This is a long overdue post about the BAAL Language Learning and Teaching conference, which I promised a week ago. It’s hard to do credit to such an intellectually stimulating conference in a single blog post, let alone one that I had to write in the midst of copy-editing my thesis for submission, so I’ll just come clean at the outset: this is a very selective account of the event: I discuss some highlights of the conference, move on to list a very small number of the presentations that are most relevant to the topic of this blog, and conclude with some shameless self-promotion of my own talk.
The theme of this year’s conference, which was hosted by the School of Education, University of Leeds, was “Recognising complexity in language learning and teaching”.
The concept of complexity, it appears, was approached by participants in two overlapping ways. Several contributions highlighted the increasing diversity that typifies teaching and learning contexts, and the ways in which our understandings of pedagogy and teaching methodology become more and more sensitive to the intricate ways in which these diverse elements interact. Another strand of thinking focused on a more technical use of Complexity, and investigated the ways in which Complex Systems Theory could inform language teaching and learning. In my opinion, these practical and theoretical approaches to complexity in language pedagogy prove mutually enriching (for more on this, see also Kostoulas et al. 2018).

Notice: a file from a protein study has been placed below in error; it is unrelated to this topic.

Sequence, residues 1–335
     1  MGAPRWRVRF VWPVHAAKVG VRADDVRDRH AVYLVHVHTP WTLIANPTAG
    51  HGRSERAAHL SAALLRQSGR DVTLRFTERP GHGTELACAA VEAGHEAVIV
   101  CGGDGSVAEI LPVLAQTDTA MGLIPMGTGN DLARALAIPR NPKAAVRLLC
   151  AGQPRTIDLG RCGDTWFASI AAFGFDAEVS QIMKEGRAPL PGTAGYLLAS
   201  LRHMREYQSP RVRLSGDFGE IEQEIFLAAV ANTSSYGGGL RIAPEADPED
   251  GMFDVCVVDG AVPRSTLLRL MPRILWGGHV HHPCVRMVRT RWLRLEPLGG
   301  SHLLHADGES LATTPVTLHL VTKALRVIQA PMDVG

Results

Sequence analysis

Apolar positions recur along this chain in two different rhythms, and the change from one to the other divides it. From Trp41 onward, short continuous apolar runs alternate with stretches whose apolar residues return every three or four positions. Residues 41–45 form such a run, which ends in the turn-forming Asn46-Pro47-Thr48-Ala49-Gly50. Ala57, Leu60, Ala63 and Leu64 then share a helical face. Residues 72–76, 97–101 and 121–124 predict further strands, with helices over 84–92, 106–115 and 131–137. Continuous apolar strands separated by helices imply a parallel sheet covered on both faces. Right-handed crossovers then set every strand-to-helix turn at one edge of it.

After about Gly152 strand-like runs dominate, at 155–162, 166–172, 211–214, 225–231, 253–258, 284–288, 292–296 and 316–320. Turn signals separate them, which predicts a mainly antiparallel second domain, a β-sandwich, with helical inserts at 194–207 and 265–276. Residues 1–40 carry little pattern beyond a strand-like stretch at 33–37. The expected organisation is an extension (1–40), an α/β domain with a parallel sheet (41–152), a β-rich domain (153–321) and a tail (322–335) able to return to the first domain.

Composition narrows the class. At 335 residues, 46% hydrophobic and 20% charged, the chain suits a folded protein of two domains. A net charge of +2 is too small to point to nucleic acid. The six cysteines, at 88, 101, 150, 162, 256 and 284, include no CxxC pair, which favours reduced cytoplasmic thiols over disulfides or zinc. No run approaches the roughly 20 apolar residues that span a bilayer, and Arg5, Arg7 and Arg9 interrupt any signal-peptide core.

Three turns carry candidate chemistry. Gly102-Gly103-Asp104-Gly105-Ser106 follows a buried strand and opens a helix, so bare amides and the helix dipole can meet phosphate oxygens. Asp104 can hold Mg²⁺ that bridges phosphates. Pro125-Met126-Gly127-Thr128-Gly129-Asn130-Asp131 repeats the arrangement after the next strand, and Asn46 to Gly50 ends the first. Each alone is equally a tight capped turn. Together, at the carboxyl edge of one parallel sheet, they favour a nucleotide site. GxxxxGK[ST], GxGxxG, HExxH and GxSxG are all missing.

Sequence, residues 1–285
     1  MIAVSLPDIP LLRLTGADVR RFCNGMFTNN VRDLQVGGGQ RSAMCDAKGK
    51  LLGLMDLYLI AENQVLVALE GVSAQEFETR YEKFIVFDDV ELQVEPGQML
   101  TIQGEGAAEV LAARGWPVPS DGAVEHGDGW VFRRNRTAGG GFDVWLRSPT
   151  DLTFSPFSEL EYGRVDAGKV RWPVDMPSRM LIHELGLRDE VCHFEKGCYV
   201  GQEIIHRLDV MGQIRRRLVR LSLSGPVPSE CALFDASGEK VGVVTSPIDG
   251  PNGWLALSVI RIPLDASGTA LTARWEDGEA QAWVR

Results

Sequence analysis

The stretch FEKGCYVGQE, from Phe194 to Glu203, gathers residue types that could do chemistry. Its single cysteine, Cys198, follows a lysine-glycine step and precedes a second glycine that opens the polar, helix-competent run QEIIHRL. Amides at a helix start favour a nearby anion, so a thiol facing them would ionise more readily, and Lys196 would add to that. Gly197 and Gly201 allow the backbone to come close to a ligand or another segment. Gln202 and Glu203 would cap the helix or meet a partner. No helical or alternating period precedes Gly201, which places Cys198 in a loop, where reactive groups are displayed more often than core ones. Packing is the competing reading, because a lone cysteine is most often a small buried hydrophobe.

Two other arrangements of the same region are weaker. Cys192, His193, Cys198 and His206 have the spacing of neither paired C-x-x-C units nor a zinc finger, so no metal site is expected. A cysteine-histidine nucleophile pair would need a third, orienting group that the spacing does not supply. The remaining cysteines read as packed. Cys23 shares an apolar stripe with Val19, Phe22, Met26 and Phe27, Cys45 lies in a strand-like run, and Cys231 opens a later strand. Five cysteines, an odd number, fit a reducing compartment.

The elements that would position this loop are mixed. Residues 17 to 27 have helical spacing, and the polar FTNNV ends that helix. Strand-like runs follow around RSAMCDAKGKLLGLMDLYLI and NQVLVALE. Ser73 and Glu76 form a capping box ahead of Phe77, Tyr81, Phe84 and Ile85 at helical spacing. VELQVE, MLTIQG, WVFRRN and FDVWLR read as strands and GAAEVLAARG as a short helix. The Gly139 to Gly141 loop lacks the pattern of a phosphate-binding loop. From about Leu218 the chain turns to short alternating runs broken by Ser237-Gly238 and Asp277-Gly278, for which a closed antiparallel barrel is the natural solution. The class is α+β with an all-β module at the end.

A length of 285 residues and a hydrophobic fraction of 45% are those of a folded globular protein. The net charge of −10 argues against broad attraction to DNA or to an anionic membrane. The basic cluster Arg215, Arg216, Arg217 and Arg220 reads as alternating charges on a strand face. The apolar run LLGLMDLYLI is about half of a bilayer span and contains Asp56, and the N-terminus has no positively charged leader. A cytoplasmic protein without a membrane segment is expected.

What follows is not a comprehensive listing of talks in the conference, nor is it in any way implied that the presentations listed below were in some way more important than the ones not mentioned. The criterion of inclusion, rather, has been the way these talks connect to recurring themes of this blog, such as complexity thinking, language policy and bilingualism.
- Jurgen Kurtz showcased pedagogical tasks in which learner output balanced finely between structure and unpredictability. His video extracts showing such tasks were a highlight of the presentation!
- Laura Grassick presented early findings from her research on curriculum innovation in Peru, and showed how Complex Systems Theory can be used to interpret such data.
- Sarah Mercer delivered a plenary in which she reviewed Complex Systems Theory and made the case for using it to bridge the perceived gap between theory and practice.
- Soo Yeon Yim (link no longer active) used Relational Theory to talk about the linguistic behaviour of couples from different linguistic backgrounds who were engaged in a “romantic, intimate or meaningful relationship”.
- Juup Stelma argued for ‘nativising’ Complex Systems Theory to Applied Linguistics, and used the construct of intentionality to interpret empirical data showing students engaged in task work, as an example of how this might be done.
More photos of the conference and tweets about most talks can be found in this Storify narrative that I’ve put together (Update: it seems that Storify is now dead. Sic transit and all that).